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Home Sales Drop To Their Lowest Level In 15 Years



Ouch. Some pretty bad news on the economic front:
Existing-home sales plunged to their lowest level in 15 years in July as inventories soared, painting a grim picture for the housing market absent government support in a stubbornly sluggish economy.

Home resales dropped a record 27.2%—nearly twice as much as analysts had expected—to an annual rate of 3.83 million in July, the National Association of Realtors said Tuesday. Meanwhile, inventories rose to 12.5 months from 8.9 months in June, pressuring already depressed home prices. Inventories are at their highest level in more than a decade.

"Historically July is the peak inventory month in any given year," NAR Chief Economist Lawrence Yun said.

Economists surveyed by Dow Jones Newswires had expected existing-home sales to fall by 14.3% to an annual rate of 4.6 million.

[snip]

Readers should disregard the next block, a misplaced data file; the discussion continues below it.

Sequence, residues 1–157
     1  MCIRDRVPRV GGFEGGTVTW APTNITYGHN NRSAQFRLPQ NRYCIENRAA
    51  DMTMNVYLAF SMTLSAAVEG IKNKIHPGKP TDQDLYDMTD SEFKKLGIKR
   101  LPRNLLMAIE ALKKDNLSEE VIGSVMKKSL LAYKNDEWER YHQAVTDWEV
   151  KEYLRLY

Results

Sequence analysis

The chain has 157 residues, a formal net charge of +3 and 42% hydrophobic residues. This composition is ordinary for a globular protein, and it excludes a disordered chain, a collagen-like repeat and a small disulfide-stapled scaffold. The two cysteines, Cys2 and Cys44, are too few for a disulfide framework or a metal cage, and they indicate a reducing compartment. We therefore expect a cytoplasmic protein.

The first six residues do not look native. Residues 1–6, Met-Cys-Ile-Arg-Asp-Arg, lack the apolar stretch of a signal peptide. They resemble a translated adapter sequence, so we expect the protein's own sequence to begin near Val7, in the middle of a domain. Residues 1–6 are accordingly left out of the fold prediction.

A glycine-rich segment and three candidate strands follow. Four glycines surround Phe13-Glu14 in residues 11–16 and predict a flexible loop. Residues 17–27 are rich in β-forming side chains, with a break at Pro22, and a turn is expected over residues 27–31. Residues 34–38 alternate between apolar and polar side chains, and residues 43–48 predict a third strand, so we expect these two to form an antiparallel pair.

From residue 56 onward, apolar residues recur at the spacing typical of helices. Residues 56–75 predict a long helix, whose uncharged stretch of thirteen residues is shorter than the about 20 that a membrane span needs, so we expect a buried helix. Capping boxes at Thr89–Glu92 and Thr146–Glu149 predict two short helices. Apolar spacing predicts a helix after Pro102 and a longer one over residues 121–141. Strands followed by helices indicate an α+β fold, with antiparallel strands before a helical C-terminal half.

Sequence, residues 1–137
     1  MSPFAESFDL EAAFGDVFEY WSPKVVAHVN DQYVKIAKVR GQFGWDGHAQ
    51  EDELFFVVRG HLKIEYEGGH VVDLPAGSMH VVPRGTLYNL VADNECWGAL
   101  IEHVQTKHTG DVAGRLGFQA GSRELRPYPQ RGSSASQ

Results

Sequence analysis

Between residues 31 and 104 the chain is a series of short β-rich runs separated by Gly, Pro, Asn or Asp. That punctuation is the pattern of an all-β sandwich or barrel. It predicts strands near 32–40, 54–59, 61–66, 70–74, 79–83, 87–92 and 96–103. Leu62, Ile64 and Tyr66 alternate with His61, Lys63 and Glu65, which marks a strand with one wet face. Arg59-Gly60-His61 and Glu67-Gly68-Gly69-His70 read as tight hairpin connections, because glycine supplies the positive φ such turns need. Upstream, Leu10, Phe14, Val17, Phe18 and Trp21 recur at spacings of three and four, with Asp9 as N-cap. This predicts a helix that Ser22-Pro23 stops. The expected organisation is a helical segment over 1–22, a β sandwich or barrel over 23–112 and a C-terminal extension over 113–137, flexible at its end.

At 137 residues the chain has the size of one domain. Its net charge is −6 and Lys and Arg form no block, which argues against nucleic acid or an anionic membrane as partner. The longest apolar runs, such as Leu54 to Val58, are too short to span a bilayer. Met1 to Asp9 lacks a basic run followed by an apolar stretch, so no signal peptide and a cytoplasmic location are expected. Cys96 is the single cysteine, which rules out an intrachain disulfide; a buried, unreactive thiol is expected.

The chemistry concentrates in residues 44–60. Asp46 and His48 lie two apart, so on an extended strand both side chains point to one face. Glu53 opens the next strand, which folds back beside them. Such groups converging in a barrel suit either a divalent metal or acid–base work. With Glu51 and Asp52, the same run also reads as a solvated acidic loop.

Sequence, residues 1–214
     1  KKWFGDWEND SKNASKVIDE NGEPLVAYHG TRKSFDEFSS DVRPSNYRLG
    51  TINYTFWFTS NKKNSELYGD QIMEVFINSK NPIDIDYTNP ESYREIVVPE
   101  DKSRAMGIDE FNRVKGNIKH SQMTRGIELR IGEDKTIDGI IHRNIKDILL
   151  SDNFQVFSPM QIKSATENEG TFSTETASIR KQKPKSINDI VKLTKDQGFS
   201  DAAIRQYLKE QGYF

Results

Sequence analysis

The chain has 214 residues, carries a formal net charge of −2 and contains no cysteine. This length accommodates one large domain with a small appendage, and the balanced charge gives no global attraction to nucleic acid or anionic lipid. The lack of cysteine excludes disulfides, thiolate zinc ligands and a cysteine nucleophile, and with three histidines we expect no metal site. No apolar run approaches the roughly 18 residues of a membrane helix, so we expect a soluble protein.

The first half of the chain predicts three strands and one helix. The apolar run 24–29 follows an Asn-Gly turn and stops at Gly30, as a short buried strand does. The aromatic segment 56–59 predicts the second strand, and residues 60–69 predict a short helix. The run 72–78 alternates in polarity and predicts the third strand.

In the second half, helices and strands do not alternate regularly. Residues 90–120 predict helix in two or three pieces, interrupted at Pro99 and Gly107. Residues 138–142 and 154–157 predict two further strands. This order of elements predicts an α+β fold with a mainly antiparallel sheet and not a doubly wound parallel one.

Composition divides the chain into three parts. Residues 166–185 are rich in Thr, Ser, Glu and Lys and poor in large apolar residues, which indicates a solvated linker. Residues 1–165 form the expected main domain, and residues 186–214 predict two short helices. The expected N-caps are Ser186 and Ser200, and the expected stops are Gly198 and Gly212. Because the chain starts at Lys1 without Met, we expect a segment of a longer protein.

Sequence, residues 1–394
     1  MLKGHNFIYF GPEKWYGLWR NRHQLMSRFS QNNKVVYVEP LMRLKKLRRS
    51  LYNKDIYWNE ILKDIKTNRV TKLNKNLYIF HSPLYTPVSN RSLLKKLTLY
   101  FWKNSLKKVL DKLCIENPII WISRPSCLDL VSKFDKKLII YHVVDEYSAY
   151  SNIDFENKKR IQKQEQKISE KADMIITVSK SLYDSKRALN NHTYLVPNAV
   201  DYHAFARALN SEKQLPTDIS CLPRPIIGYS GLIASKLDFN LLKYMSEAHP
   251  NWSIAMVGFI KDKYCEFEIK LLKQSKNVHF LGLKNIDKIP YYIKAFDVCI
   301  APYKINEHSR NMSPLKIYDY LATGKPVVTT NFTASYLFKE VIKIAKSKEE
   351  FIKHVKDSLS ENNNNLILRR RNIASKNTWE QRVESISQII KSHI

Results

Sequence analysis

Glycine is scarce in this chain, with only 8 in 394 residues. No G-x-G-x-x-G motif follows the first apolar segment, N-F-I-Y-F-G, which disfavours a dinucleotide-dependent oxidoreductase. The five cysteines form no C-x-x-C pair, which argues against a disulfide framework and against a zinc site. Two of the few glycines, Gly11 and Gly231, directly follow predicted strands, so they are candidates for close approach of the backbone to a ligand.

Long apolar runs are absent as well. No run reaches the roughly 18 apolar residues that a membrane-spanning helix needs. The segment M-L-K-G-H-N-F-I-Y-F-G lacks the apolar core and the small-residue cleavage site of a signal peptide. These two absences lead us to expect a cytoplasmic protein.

The steep decline in sales in July reflects both a souring in the U.S. economic recovery and the expiration of a government tax credit program that has been supporting the housing market for more than a year.

The tax credits offered certain buyers as much as $8,000 to sign a contract by April 30. Deals originally needed to close by June 30, but lawmakers pushed that deadline to Sept. 30.

Still, the tax credit's expiration drove pending-home sales down 30% in May and caused a double-digit dive in mortgage-application volumes even as interest rates hovered near their lowest levels in generations. July's existing-home sales data reflect the May plunge in pending sales, which typically become existing sales within a couple of months.

Mortgage rates remain low, but lingering troubles in the labor market continue to restrain the nation's housing recovery. That trend likely will continue for some time.
Yikes.

The good news is that things can (hopefully) only get better, right? RIGHT?!

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Photo: Molly Riley/Reuters